Education for Citizenship Series:
Loyalty: Virtue or Vice?

Richard T. Ford and Glenn Loury with Eamonn Callan

Wednesday, January 21, 2009 | 7:30 – 9:00pm | Kresge Auditorium | Free and Open to All

This conversation concerns loyalty and the limits to which it might be subject when viewed in particular historical, social, and political contexts. What roles does loyalty play in forming personal and social identities? What are the connections between loyalty, patriotism, and pride? Under what conditions can loyalty be a vice and disloyalty a virtue? Is there greater agreement that disloyalty is a vice than that loyalty is a virtue? With class and racial inequalities remaining deeply embedded in our social, political, and economic structures, what is the place of loyalty in America today?
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Education for Citizenship Series:
Consuming Culture and Greed

David Loy and Juliet Schor with Mark Gonnerman

Wednesday, December 3, 2008 | 7:30 – 9:00pm | Kresge Auditorium | Free and Open to All

GreedThis installment in our Education for Citizenship series on virtues and vices examines greed, a selfish and excessive desire for more than is needed. How much is enough? What enables advertisers to convince citizens to consume more than is reasonable? Are seductive images of comfort, convenience, and sexual stimulation that bombard us in advertising edging out non-market values of care, community, love, and public service? Are market values changing college campuses? Join us for a conversation that casts a critical eye on the effects of greed on individual and collective life.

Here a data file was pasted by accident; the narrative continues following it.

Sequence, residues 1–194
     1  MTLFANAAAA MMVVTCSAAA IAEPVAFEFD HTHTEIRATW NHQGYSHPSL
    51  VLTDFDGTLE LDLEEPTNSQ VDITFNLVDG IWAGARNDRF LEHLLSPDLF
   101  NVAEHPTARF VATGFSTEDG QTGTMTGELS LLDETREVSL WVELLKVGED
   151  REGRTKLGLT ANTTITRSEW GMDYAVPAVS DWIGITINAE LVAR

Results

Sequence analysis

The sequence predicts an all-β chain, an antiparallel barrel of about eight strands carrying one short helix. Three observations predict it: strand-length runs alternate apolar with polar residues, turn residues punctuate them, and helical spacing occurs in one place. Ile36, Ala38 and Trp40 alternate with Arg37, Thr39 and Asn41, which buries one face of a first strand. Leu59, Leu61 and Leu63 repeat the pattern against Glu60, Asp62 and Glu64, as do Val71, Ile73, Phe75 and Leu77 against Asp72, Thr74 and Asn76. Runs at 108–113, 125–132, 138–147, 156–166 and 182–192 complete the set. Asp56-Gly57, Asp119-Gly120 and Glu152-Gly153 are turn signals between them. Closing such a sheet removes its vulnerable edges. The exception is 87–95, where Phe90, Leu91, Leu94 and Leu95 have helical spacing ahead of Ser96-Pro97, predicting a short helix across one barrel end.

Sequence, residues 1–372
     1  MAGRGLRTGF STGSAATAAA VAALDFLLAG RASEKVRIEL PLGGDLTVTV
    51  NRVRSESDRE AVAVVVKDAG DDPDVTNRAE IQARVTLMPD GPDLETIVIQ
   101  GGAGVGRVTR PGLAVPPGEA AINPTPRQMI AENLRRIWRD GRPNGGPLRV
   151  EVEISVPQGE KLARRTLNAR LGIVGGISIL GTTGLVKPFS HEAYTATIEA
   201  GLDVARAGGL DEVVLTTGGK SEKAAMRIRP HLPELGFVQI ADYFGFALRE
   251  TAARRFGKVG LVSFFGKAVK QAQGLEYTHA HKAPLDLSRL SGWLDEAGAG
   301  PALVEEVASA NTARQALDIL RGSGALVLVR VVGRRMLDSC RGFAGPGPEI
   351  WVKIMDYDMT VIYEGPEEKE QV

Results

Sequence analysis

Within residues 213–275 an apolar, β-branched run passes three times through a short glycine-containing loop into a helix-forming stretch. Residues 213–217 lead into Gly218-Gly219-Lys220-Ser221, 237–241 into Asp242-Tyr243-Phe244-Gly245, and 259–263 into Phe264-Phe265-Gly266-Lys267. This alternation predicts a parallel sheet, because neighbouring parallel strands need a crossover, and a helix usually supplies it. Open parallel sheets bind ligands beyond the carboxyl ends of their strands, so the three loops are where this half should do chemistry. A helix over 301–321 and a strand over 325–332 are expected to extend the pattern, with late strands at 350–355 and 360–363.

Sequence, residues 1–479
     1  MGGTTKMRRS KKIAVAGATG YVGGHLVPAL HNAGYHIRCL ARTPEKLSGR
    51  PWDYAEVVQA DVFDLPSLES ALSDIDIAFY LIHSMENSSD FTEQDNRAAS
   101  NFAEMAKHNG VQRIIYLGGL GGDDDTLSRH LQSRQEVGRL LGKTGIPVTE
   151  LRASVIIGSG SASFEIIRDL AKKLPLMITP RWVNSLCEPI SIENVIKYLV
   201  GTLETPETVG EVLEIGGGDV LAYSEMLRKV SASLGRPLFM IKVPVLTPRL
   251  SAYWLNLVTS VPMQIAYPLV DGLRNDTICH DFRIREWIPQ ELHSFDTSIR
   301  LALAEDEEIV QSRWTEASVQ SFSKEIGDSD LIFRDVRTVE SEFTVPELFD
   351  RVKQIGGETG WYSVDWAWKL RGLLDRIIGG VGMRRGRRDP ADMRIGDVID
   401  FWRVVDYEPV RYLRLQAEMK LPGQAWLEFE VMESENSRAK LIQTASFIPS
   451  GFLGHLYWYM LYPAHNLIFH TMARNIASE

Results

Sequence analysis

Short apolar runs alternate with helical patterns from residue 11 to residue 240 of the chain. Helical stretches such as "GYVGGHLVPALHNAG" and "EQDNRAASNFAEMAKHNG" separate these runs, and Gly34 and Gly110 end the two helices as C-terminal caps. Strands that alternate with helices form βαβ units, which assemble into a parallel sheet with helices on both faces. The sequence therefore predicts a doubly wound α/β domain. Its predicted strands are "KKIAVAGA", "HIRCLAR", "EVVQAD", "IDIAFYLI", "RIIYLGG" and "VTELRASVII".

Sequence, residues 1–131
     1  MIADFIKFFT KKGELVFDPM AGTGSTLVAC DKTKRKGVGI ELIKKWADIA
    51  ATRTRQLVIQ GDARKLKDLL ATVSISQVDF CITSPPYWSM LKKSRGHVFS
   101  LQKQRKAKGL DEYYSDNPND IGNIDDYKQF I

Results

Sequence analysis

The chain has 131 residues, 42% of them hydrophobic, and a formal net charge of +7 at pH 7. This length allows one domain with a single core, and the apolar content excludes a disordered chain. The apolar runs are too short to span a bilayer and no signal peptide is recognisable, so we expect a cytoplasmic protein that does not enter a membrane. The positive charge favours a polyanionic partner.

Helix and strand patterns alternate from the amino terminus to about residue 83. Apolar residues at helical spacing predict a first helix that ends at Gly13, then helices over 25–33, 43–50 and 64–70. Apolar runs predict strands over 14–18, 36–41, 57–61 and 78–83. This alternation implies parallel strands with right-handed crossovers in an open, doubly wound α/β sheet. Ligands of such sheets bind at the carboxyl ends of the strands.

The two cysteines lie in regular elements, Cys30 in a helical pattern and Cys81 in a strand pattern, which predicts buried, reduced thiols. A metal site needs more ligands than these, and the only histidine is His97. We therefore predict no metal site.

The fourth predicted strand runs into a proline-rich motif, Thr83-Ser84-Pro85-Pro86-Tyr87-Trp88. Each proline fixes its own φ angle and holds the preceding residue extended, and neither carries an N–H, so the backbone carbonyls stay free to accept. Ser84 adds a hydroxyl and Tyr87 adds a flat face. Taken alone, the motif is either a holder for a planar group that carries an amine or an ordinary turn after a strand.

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Citizens, Neighbors, Strangers, Friends:
What is Citizenship in the 21st Century?

Education for Citizenship Series
Inaugural lecture by Danielle Allen with Josiah Ober, Respondent
Presented with the Stanford Center for Ethics in Society

Thursday, October 2, 2008 | 7:30 - 9:00pm | Kresge Auditorium | Free and Open to All

Danielle AllenIn her book, Talking to Strangers: Anxieties of Citizenship since Brown v. Board of Education, Danielle Allen discusses those sacrifices citizens make to keep democracy working in spite of the vices that often get in the way. One such vice is distrust of the stranger, which is overcome by the deliberate cultivation of what she calls “political friendship,” reaching out to others who appear to be different than ourselves. “To develop a cultural habit of such friendship would," Allen writes, “transform our political world.” In setting the context for our series on virtues and vices with the Center for Ethics, Danielle Allen will suggest ways people in institutions of higher education are prepared to effect this transformation by daring to imagine and act in accord with democratic ideals.

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